It happened in May of 2011. I was cleaning my childhood bedroom when I felt a flutter in my chest. Since I have an arrhythmia — an irregular heartbeat — this feeling is common. It often dances its way in, taking the form of a hard beat or a small pain. It usually lasts no longer than a minute. This didn’t. When it didn’t go away, I stopped cleaning and stood still. I began to feel light pains shooting up and down my left arm. My breath formed in small gulps, blood draining from my face. I got an Aspirin from my purse and chewed.
I was born without a right ventricle, the chamber that pumps deoxygenated blood to the lungs via the pulmonary artery. I’ve had three open-heart surgeries. An entire reconstruction was performed via lateral fontan, an operation that places a tube into the heart chambers, redirecting the flow of blood, when I was three years old. At 19, I had a heart attack.
After my heart attack, I spent a week in the hospital, progressing from emergency room to intensive care unit to cardiac rehab wing. I was prescribed a finicky blood thinner with multiple risks and reactions, which I still take today. I was discharged with advice from my doctors that the best thing to do after a heart attack is to live, not live in a bubble. My mom and I were both in the room, but they were looking at her when they said it.
Summer was winding down, and I spent my second-to-last night before starting school with my childhood best friend. We returned to her house to my mom and her friends sitting around the dining room table, hands folded: “This is an intervention.”
I don’t remember if my mind started racing or just went blank. Two nights before I was set to transfer into a new school, my mother rounded up a few overprotective parents and convinced them I wasn’t well enough to go. I could hardly hear her words over the fury pulsating through me. Something about a cardiac rehab program, something about spending the semester at a community college.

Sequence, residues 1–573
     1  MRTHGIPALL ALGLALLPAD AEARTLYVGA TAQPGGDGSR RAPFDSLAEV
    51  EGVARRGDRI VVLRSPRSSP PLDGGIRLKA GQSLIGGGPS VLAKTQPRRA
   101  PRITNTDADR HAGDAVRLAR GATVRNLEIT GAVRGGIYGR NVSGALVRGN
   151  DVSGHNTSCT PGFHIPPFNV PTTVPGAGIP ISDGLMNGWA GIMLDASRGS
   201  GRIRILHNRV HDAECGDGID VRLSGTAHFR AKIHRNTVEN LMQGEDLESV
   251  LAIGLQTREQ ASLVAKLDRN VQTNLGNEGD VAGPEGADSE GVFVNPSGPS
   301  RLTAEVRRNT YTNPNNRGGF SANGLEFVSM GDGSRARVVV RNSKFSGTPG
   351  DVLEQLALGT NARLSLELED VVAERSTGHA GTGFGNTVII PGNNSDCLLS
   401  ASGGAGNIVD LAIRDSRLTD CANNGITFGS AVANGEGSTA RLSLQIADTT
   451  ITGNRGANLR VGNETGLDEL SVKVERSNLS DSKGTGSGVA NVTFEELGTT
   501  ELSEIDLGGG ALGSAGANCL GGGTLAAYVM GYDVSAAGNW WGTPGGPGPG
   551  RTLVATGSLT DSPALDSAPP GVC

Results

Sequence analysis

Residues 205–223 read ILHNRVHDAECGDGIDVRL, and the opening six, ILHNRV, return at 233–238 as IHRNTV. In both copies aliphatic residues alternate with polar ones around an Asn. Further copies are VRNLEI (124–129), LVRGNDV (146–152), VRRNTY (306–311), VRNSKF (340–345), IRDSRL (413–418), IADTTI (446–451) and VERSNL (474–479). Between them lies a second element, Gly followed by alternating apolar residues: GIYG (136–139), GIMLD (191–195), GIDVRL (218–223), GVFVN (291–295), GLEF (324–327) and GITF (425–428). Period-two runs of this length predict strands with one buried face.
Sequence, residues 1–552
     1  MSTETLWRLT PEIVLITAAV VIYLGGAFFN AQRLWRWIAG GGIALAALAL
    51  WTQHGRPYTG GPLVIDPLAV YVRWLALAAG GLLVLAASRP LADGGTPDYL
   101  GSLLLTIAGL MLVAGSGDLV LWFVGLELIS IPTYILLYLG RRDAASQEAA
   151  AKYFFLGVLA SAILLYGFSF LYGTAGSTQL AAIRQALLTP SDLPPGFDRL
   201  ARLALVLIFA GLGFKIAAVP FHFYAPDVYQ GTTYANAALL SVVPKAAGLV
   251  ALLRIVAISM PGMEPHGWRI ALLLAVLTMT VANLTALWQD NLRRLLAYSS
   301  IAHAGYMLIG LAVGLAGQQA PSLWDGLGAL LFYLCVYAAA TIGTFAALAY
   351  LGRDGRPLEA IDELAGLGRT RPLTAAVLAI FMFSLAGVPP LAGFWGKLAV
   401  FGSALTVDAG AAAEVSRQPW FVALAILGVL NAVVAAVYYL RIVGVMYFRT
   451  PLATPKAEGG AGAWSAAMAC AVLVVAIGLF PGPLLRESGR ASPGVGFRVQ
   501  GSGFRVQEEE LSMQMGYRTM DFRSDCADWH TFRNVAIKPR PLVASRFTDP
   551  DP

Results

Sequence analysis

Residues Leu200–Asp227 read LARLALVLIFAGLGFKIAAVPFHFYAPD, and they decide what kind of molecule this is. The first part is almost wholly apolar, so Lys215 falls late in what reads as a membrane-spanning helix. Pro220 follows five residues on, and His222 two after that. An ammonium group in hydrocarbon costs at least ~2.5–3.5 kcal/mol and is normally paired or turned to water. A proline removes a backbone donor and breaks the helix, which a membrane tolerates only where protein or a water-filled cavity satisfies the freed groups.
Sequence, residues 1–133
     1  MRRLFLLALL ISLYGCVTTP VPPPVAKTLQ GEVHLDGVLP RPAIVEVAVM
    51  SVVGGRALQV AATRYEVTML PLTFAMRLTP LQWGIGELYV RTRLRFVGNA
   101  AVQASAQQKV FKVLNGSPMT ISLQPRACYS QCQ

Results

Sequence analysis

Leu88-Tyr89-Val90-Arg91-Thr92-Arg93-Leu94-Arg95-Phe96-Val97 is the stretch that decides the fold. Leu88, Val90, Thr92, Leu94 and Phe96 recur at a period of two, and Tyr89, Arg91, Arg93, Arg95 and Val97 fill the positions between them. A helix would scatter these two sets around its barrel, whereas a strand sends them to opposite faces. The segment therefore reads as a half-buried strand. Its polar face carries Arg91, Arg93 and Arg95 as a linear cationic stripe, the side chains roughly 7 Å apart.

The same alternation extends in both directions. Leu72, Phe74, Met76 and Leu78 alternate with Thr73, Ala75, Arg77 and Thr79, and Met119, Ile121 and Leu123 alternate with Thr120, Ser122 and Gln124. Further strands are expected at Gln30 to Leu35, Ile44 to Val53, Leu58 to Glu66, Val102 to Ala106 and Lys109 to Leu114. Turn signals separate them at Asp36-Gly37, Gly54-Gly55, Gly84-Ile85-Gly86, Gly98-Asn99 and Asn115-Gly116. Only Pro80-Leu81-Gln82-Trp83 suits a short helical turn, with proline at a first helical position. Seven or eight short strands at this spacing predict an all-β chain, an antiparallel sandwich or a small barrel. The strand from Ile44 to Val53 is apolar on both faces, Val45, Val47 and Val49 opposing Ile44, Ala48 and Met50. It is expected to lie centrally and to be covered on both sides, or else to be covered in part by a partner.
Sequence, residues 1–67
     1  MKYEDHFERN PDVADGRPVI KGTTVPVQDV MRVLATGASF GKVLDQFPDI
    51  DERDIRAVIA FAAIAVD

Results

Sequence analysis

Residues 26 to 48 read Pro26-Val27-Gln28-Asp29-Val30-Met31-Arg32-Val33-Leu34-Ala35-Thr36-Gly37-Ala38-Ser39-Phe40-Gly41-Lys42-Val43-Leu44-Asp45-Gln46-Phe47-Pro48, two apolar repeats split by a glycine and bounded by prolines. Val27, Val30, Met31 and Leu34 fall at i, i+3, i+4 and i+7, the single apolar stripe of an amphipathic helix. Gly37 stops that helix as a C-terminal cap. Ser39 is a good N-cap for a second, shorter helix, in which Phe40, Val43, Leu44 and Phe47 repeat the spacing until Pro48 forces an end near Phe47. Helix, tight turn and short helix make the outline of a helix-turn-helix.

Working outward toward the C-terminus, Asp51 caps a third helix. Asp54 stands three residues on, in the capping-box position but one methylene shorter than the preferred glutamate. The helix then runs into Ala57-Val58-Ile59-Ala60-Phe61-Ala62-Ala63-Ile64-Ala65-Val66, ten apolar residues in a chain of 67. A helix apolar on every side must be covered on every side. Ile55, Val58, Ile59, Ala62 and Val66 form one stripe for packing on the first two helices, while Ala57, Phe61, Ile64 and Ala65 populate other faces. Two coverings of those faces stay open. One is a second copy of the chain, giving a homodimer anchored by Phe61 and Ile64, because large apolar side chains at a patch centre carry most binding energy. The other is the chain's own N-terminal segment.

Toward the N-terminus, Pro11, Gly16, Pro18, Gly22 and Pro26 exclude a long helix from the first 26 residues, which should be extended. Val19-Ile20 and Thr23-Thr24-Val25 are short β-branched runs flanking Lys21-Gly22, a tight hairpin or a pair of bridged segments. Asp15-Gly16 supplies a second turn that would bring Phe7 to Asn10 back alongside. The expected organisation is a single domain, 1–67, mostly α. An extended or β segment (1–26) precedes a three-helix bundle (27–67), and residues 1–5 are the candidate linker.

I bolted for the door and spent the next day getting last-minute approval from both my pediatric and adult cardiologists to start school. The intervention my mother staged turned a process that was supposed to be exciting and smooth into a chaotic battle for control.
“You are a person, not a patient,” both doctors said.
The next morning, my mother stood in the kitchen, watching me empty my childhood bedroom. She didn’t lift a finger. I paid an inordinate sum of money for a cab from Brooklyn to the Port Authority Bus Terminal. While wheeling two suitcases and dragging a duffel bag up eighth avenue by myself, it occurred to me that for someone who didn’t want her daughter putting her heart at risk, my mother had a very passive aggressive way of showing her concern.
This was a blip in time, eight years ago, but I remember it as sharply as it happened. My mom and I communicate now. We work as teammates. The chaos has subsided. The screaming matches still exist, but they are fewer and farther between. Therapy has helped. My health has become more stable.
I understand my mom in a way I didn’t — and couldn’t — years ago. She is a single mother with one child. I am her only and she is my only. She is an encyclopedia of my medical history. She can rattle off every medication I’ve ever taken and every diagnosis I’ve ever received. She has slept upright in chairs among beeping machines and tangled in wires in my hospital bed more nights than she can count. She has held my hand through every procedure, advocated for every necessity, navigated every turn. She is strength and persistence, personified. But she is also a parent, a person, with faults and fears of her own.